February 27, 2024

A hero has surfaced from the turmoil of post-pandemic travel.

This hero, who goes by secret and is unassuming, has travelled the world for the majority of the past year, intervening when airlines make mistakes in order to rescue people’s priceless holidays.

That name? It passes past a few, though. You might recognize it as Tile, Chipolo, Pebblebee, or perhaps its most well-known version, AirTag. That’s right, the underappreciated baggage tracker is the newest and most useful travel item. It’s small, lightweight, and capable of saving your dream vacation from the ravages of misplaced luggage.

We have witnessed it month after month since 2022 travel havoc was caused by airports and airlines laying off employees. Due to a  Luggage storage Coupon handlers and an increase in travelers, luggage were not being loaded into aircraft quickly enough, and thousands of unsecured bags were accumulating in airports, many of which were lost.

According to statistics from SITA, a company that provides the airline sector with a range of IT solutions, including baggage tracking, the rate of bag mishandling increased by 74.7% in 2022 over the previous year. 7.6 bags lost out of every 1,000 that were flown last year, down from 4.35 bags per 1,000 in 2021 and 5.6 bags per 1,000 in 2019.

Due to the possibility of their being moved (connections account for nearly half of the instances), bags on international flights are eight times more likely to be handled incorrectly than those on domestic flights. But even with a complicated schedule, there’s always a chance the airline may mishandle your bag—17% of mishandled luggage in 2022 were just never carried aboard the aircraft.

In a study this year for SITA, Thomas Romig, vice president for safety, security, and operations at Airports Council International (ACI), stated that “the sudden surge in travel has led to increased disruptions that are compounded by a shortage of skilled staff.”

Furthermore, the UK-based consumer publication Which?’s editor, Rory Boland, believes that 2023 may be much worse.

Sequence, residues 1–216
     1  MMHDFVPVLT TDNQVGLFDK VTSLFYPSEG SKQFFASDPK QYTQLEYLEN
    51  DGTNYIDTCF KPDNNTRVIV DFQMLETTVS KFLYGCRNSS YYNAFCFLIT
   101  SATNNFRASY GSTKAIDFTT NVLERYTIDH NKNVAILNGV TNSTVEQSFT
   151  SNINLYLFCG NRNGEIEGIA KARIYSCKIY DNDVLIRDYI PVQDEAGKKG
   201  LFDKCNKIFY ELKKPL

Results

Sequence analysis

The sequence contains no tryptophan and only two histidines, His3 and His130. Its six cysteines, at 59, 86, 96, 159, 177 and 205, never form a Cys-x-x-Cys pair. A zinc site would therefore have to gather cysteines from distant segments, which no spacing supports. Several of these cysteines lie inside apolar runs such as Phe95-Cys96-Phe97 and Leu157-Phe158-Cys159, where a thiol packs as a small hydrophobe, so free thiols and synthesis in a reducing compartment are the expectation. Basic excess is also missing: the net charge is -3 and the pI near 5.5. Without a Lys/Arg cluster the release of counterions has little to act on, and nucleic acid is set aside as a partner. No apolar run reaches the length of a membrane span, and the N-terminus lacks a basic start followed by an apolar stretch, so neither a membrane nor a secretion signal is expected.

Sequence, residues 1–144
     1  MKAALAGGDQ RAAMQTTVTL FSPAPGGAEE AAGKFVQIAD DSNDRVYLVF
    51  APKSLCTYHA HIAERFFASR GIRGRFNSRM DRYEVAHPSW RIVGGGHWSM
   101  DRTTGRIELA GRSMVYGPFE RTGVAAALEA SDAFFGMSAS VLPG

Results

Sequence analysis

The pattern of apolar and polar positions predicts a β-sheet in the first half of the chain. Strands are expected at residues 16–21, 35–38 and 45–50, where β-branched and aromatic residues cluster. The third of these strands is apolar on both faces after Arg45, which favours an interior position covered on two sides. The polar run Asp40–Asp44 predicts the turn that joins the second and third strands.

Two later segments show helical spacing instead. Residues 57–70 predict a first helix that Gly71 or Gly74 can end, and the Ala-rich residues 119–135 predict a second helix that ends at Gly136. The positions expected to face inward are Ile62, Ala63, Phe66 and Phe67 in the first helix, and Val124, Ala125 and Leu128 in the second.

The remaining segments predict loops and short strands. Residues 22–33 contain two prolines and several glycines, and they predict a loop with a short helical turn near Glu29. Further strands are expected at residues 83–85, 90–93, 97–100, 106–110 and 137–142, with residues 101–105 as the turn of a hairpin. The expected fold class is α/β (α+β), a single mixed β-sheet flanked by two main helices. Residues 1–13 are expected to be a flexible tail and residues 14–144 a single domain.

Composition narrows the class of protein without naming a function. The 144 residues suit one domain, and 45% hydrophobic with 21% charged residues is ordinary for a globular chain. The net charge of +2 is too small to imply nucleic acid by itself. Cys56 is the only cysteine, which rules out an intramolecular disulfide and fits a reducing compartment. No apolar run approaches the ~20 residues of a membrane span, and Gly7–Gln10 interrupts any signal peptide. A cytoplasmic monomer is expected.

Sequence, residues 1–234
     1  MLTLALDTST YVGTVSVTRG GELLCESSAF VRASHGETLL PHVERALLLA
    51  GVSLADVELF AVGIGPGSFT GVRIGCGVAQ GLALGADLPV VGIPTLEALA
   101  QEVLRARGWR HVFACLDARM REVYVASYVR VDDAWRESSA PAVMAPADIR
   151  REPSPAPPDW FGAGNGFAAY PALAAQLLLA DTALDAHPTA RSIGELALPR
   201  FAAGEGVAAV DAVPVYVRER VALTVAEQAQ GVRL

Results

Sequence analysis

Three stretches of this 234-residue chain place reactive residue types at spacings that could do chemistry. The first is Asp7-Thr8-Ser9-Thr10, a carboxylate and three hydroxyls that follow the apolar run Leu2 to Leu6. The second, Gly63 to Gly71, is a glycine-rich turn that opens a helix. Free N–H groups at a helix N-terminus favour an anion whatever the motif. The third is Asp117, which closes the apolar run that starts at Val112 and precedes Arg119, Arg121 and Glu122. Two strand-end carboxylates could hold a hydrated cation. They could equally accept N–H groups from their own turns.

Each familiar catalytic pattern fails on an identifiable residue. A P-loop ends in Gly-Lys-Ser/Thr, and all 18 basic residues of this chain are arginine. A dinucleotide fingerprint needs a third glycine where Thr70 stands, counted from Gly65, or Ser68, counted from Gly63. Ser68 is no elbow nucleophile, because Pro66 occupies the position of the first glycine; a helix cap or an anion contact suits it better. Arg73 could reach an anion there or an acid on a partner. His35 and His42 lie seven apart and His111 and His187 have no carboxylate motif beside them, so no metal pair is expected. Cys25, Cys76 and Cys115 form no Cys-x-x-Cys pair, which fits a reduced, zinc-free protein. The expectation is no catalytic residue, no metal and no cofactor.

“Lost baggage is still a major issue this year, and things are probably going to become worse during the busiest travel season this summer. Not only are there occasional lost bags, but flights are sometimes setting off without any luggage because staffing shortages made it impossible to load them in time, the man cautions.

You have probably never misplaced a bag if it doesn’t seem like the worst thing that could happen while on vacation. Forever scarred if you lose a bag, that’s the opinion of tech journalist Kate Bevan, who has misplaced bags twice.

If fortune favors you, you may receive a call or an email informing you that the lost bag has been found. If not, you’ll have to wait forever and never know what transpired.

However, as more and more people are discovering, you can notify the airline where it is if you place a tracking device inside of it.

Furthermore, even if knowing where it is doesn’t ensure you’ll get it back, your chances are increased.

According to Boland, “tracking devices are crucial because they not only make it easier for the airline to locate your luggage but also give you piece of mind that you will eventually get your stuff back.”

A PowerPoint demonstration to get his luggage back

In January, Jai Rawat’s suitcase vanished while he was returning home to San Francisco from London Heathrow. His airline, Virgin Atlantic, sent him an email two days later informing him that the suitcase had been found and would be sent back to him “soon.”

Nevertheless, his AirTag was still visible at Heathrow nine days after his departure.

To no avail, Zinrelo’s CEO, Rawat, submitted images showing the company’s location. Zinrelo powers loyalty programs for businesses. Despite his showing them exactly where the luggage was, Virgin claimed that staff members were “trying to locate the bag.”

After 34 days, he became desperate and made a PowerPoint presentation titled “Helpful hints to find my suitcase.”

In addition to maps, satellite images, pictures from Google Streetview, and an annotated map of Heathrow Terminal 4, which indicated the precise building he believed the bag to be in, the six-page paper provided a thorough description of the bag.

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